Minister: Ireland will have to stop burning coal to generate electricity
Published 26/10/2015 | 02:30
Ireland will have to stop burning coal to produce electricity and a decision must be made within five years on whether the country's biggest power station will continue to use the fossil fuel, Energy Minister Alex White has said.
The minister also said it was unrealistic to use biomass instead of coal to power Moneypoint, as it would require thousands of tonnes of woodchip to be imported into Ireland.
Speaking to the Irish Independent, he said the cost of converting the ESB-owned power station in Co Clare to burn biomass would be "substantial" and could require State support.
The station can produce enough electricity for more than 750,000 homes.
"It's a matter for the ESB but it's such a big issue that the minister and Government will have a view," he said. "I don't think it's a panacea as some people who oppose wind say.
"The issue of what to do with Moneypoint has to be on the agenda. How sustainable is it to import tens of thousands of tonnes of woodchip from the US?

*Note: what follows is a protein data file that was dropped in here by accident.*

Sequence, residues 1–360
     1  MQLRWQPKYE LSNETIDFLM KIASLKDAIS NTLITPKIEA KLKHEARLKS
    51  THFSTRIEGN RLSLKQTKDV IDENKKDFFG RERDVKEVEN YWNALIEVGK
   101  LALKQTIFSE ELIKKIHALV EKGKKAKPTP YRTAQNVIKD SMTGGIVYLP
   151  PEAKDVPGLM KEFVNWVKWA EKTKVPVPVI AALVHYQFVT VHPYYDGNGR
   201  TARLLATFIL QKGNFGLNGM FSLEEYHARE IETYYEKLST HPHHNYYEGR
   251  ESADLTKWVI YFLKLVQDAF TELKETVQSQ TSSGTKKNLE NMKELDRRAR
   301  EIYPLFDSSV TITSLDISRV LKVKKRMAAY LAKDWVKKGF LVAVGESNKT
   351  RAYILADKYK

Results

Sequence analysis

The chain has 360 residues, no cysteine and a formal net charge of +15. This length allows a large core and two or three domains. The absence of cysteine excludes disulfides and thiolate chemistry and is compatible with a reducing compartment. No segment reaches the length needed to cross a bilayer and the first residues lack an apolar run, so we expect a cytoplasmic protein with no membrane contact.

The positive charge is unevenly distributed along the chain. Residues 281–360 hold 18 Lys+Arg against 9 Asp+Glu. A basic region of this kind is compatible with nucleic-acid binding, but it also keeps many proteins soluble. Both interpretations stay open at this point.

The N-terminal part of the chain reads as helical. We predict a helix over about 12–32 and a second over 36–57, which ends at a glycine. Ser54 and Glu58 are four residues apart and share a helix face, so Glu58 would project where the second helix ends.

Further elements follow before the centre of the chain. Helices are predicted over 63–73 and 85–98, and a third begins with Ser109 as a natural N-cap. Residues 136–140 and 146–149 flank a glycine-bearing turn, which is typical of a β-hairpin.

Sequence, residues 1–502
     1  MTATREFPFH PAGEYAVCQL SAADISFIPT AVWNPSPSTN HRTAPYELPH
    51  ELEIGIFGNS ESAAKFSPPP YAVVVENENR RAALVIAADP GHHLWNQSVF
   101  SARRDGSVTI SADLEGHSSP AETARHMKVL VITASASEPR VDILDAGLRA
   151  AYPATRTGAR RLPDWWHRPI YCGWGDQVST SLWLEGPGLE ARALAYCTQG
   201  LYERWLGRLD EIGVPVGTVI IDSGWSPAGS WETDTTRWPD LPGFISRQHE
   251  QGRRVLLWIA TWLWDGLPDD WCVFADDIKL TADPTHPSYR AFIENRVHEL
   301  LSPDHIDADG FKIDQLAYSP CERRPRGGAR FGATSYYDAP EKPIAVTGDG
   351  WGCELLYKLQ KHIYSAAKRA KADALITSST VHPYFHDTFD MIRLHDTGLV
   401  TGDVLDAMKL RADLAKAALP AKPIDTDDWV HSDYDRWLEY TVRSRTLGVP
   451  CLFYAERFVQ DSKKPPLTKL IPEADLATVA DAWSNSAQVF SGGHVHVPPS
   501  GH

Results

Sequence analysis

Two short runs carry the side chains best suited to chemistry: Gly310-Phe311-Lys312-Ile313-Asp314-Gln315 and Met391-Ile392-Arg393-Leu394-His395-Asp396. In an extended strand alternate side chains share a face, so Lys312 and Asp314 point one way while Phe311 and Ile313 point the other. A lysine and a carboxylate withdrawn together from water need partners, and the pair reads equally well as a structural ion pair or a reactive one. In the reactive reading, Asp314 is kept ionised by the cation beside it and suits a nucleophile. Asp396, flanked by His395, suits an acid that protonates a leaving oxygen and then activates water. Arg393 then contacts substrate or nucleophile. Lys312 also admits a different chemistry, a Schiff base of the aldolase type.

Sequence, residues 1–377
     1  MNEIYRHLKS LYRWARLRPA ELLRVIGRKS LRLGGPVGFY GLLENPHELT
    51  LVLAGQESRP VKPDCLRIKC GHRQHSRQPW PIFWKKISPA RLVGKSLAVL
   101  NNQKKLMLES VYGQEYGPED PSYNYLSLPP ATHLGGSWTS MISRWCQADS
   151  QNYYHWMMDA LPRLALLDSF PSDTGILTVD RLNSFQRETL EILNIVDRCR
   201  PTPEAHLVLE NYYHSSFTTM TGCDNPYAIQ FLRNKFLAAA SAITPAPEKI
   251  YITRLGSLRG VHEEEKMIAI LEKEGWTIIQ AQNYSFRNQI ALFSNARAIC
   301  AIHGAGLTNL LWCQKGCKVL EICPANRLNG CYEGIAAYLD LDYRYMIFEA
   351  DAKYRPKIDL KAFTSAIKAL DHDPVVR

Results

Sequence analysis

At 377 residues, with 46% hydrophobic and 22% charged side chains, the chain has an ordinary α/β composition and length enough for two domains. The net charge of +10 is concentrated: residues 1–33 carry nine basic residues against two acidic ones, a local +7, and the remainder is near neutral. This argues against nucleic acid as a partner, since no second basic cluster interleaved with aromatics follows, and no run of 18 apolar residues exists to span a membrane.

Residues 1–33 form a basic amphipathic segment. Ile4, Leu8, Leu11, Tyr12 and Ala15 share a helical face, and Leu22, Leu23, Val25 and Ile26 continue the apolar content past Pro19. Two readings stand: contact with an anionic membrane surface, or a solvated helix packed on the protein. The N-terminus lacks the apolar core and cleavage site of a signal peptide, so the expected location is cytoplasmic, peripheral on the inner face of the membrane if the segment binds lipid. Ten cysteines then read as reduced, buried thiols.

"The cost of conversion would be very substantial. Moneypoint just did a lot of work to mitigate a lot of the emissions, but ultimately in this country we will have to stop burning coal to generate electricity.
"How long will that be? There's a mandate out there until 2025. One of the issues we have to decide is when do we decide it. Coal will have to go. If you took it out of the system tomorrow or next year, what do you replace it with? We would want to make a decision in the next five years, perhaps sooner."
Mr White also said it would be "hypocritical" to expect the State to divest itself of fossil fuel stocks held by the Ireland Strategic Investment Fund.
The fund holds shares in a number of companies involved in fossil fuel extraction, but Mr White said Ireland is currently inviting companies to explore our territorial waters for oil and gas, and fossil fuels will be needed to make the "transition" to a low-carbon economy.